“Chauvinism is an almost natural product of the national concept insofar as it springs directly from the old idea of the “national mission.” It has a logical affinity with expansion because a nation’s mission might be interpreted precisely as bringing its light to other, less fortunate peoples. It produced that type of men whom one could find scattered in all the colonial services, particularly the British, who would take a fatherly interest in the peoples they were ordered to rule and who would easily assume the role of the dragonslayer, thereby fulfilling in a manly fashion the gallant ideals and dreams of their boyhood. The trouble with the “national mission” is that it implies a holy mission, that it presupposes a kind of divine origin of the people, and that it claims “chosenness.” Since, by its very definition, national divine election can be granted only to one people, this concept destroys the idea of the unity of mankind which, based on the divine origin of man, is inconsistent with any doctrine of the divine origin of peoples. Chauvinism, created by the dissolution of the old trinity of people—-territory—state was the natural though perverted form of their national feelings. Here were masses at hand who had not the slightest idea of the meaning of patria, not the vaguest notion of the responsibility of a common limited community and no experience of political freedom. They indeed were ready for adventure and ripe for imperialist expansion.” [Hannah Arendt, Imperialism, Nationalism, Chauvinism, Review of Politics, 1945, 7, 4, 457-462.]
By amplifying such voices, the CCP propaganda machine risks losing control of the discourse, as it veers into extremes of self-righteous rage. A century after the invention of the CCP, a modernised and prospering China could choose to relax its national mission of redemption a little, but instead is intensifying it.
How to respond to concentrated bursts of rage that go viral? Decoding CCP patiently unpacks the unconscious biases, fears and fury packed into this hugely popular rant. Step by step the keywords are contextualised and decoded, quieting the flames of fury. It takes a dozen entries in Decoding CCP to reveal how they all connect, 12 mini-essays in the resonances of China’s increasingly shrill discourse of mastery or perish. TCHRD’s Decoding CCP is your go-to resource to understand where China is heading right now.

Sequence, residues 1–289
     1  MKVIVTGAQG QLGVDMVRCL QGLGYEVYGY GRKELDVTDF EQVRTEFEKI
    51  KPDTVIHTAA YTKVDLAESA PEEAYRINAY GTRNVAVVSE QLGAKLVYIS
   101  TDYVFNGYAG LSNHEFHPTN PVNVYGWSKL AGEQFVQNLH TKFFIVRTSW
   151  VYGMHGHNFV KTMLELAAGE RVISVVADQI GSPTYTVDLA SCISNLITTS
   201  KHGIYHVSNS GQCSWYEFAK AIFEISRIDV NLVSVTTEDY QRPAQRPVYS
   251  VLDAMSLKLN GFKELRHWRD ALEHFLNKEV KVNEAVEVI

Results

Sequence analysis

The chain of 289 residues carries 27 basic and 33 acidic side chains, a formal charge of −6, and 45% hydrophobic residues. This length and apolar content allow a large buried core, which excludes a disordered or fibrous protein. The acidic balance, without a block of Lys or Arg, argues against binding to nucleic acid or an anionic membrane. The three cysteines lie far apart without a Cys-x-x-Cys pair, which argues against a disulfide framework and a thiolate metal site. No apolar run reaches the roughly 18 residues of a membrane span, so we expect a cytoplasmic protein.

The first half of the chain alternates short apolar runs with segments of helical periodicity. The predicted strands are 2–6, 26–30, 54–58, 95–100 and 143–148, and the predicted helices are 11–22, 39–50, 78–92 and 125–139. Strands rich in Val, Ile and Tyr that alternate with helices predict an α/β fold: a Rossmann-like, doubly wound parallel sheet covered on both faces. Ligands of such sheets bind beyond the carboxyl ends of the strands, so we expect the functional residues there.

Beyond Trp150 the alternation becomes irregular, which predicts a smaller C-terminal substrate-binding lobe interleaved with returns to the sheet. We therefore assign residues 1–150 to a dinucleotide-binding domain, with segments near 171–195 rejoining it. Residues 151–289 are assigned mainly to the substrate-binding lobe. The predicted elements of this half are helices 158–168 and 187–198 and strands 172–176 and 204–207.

The author, a bored and embittered former editor of an obscure electricity industry newspaper, invokes Mao’s imagery of monkeys and ghosts and is feted as a great literary talent for above all having named the feelings of his overwhelmingly male audience. Li Guangman is 62 but calls himself a reborn teenager, full of teen testosterone spirit. The 1991 Nirvana teen spirit hit song is based on the concept of a high school pep rally that ends in chaos and riot, which is what the CCP most fears.
The chaos and rioting that escalate into revolution are the deepest of party-state fears, so much so that China denounces popular revolts against oppressive regimes, wherever they arise, siding instead with established power and the right of sovereign states to treat their own citizens badly.
This KOL Wechat post by Li Guangman denounces the online influencer culture he is part of and denounces popular revolts as “colour revolutions” fomented by satanic America while urging a revolution in China that purges all that is effeminate, profitable and fun. Although the last thing the CCP wants is another revolution, this post was shared on the websites of eight major Party-state media on August 29, and on scores of commercial sites, all with the same headline: “Everyone Can Sense That a Profound Change is Underway!” 每个人都能感受到, 一场深刻的变革正在进行!
China has come to this. Mao wanted revolution to be not a one-off but permanent. This is a revolutionary call to revert to Cultural Revolution: “a return to the revolutionary spirit, a return to heroism, a return to courage and righteousness. We need to bring all forms of cultural chaos under control and build a vibrant, healthy, virile, intrepid, and people-oriented culture. It is necessary not only to destroy the decadent forces but also to scrape the bones and heal the wounds. It is also necessary to clean the house, freshen the air, make our society healthier so that the main body of society can feel happy.”
When not only social media but official media, including Xinhua and People’s Daily, are intoxicated by this teen spirit we are in for a bumpy ride the party-state might find hard to restrain.